Frederick Chamier

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Frederick Chamier (1796–1870) was an English novelist and naval captain born in London, author of several nautical novels.[1]


He was the son of an Anglo-Indian official, John Ezechial Camier and his wife Georgiana, daughter of Vice-admiral Sir William Burnaby.[2]

He entered the Royal Navy in 1809 and joined the frigate Salsette as a midshipman. [3] In May 1810, while Chamier was serving on Salsette, he watched Lord Byron swim across the Hellespont at the second attempt. Chamier described the episode in The Life of a Sailor.

After service on the 74-gun Fame he was transferred to Arethusa fighting the slave trade, followed by another transfer to Menelaus. He briefly commanded the 10-gun brig Britomart in 1827; she was very soon paid off.[4] He had no further employment, and in 1833 was placed on the retired list of the navy, on which he was promoted to be captain on 1 April 1856.[3]

Retiring in 1827, he wrote his autobiography, The Life of a Sailor, which was serialised in The Metropolitan Magazine (1831–32). He also wrote sea novels somewhat in the style of Marryat, including The Unfortunate Man (1835), Ben Brace, the Last of Nelson's Agamemnons (1836), The Arethusa (1837), Jack Adams, or the Mutiny of the Bounty (1838), The Spitfire (1840), Tom Bowling (1841), Jack Malcolm's Log (1846). He also continued William James Naval History, and wrote books of travel.

Chamier's most popular books were: Life of a Sailor, with six reprints from 1832 to 1873, Ben Brace, with 11 reprints from 1836 to 1905, Tom Bowling, with 5 reprints from 1858 to 1905, and The Spitfire, with 3 reprints from 1840 to 1861.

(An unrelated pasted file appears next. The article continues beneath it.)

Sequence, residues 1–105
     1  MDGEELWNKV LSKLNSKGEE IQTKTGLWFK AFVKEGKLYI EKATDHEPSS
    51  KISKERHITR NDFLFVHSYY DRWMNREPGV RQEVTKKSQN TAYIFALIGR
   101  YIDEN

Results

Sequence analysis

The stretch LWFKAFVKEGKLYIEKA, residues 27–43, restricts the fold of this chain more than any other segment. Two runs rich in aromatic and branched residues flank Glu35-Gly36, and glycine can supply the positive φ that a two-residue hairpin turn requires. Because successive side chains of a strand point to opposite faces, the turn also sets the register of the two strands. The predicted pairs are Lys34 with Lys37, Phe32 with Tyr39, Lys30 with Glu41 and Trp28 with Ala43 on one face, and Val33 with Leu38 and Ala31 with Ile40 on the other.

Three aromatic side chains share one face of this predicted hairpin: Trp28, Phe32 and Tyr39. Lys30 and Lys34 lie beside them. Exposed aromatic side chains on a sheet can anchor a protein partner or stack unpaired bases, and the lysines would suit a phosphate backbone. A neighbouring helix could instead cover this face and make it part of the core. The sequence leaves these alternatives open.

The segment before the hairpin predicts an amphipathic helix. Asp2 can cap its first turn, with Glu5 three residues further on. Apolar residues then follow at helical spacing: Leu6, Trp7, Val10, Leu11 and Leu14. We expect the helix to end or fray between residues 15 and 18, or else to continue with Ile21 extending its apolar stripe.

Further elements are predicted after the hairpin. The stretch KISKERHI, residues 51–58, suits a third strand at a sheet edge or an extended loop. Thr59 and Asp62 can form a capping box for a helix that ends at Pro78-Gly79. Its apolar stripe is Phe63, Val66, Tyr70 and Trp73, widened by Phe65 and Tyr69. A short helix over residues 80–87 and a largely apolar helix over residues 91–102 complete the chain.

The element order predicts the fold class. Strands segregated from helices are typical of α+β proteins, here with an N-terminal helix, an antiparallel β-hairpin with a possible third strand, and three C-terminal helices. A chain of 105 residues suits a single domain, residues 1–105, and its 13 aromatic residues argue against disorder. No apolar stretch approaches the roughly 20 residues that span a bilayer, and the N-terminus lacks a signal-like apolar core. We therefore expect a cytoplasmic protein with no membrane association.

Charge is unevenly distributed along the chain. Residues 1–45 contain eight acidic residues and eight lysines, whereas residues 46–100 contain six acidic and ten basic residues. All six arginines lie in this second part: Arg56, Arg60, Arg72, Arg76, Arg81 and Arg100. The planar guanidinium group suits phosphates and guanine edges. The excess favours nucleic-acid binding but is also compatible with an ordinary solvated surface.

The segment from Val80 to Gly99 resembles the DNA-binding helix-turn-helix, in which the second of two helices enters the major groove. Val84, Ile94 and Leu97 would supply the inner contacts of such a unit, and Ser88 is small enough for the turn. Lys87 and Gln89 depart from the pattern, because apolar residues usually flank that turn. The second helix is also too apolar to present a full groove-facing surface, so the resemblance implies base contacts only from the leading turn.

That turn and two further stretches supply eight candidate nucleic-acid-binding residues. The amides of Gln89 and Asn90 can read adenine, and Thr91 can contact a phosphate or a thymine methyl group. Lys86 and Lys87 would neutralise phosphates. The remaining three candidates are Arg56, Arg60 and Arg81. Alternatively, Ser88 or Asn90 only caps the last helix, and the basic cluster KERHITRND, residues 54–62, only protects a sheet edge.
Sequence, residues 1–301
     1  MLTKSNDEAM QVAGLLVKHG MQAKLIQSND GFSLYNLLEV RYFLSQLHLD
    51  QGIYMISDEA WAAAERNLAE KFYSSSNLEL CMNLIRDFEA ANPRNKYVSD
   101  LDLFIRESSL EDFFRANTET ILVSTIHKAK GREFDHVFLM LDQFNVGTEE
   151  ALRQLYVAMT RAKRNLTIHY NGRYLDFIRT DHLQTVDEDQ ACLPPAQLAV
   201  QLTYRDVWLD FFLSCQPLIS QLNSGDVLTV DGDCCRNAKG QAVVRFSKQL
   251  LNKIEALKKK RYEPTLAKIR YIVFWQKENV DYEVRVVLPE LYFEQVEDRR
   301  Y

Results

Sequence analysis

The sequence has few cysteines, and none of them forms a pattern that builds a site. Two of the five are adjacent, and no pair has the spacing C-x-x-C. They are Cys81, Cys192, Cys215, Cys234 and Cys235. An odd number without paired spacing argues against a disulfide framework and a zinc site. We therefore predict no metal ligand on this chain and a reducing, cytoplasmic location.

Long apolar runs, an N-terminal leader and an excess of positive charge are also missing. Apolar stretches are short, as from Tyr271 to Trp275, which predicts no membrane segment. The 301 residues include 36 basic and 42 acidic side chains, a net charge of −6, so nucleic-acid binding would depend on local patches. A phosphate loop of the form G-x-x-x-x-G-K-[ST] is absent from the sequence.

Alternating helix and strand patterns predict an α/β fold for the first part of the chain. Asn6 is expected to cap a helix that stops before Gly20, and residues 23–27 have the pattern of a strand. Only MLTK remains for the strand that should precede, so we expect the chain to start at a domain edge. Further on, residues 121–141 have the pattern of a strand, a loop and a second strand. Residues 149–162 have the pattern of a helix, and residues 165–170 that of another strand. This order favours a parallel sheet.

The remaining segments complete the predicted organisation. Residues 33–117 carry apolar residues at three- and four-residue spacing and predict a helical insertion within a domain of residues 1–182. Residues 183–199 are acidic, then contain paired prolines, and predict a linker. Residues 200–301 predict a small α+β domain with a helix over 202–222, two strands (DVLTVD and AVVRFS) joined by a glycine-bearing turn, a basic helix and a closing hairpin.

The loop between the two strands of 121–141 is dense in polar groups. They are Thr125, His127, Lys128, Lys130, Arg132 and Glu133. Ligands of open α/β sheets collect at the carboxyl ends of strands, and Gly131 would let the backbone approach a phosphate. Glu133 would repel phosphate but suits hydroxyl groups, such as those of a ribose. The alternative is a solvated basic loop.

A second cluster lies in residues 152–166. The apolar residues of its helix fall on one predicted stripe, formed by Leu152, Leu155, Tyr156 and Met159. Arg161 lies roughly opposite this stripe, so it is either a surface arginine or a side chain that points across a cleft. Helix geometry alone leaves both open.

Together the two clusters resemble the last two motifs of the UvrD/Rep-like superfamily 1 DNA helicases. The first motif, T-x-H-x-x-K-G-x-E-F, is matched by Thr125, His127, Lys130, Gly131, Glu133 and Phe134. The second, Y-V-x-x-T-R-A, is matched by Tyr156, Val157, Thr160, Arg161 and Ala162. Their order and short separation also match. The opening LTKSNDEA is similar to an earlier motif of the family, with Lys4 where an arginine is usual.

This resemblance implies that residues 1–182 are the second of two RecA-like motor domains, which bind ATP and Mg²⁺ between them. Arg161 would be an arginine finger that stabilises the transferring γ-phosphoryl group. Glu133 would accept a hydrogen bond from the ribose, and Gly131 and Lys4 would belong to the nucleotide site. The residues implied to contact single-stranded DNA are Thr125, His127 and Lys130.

In 1870 The Times described Chamier as "a veteran novelist, one, indeed, whose sea novels some quarter of a century ago were almost as universally popular as those of Captain Marryat." The only detailed publication on Chamier's life and works is an exhaustive Ph.D. dissertation by P. J. van der Voort, The Pen and the Quarterdeck (Leiden University Press, 1972).

Frederick Chamier claimed to be related to the 17th-century French Huguenot politician Daniel Chamier. He died on 29 October 1870 in Paris.[5]


  1. ^ Wikisource-logo.svg Chisholm, Hugh, ed. (1911). "Chamier, Frederick". Encyclopædia Britannica 5 (11th ed.). Cambridge University Press. p. 825. 
  2. ^ "The Chamiers of Epsom". Retrieved 2011-07-04. 
  3. ^ a b Laughton 1887.
  4. ^ Nelson's Navy in Fiction and Film. Retrieved 2011-07-04. 
  5. ^ J. K. Laughton, "Chamier, Frederick (1796–1870)", rev. Roger Morriss, Oxford Dictionary of National Biography, Oxford University Press, 2004 Retrieved 1 March 2015. Pay-walled.

Further reading[edit]

 This article incorporates text from a publication now in the public domainCousin, John William (1910). A Short Biographical Dictionary of English Literature. London: J. M. Dent & Sons. Wikisource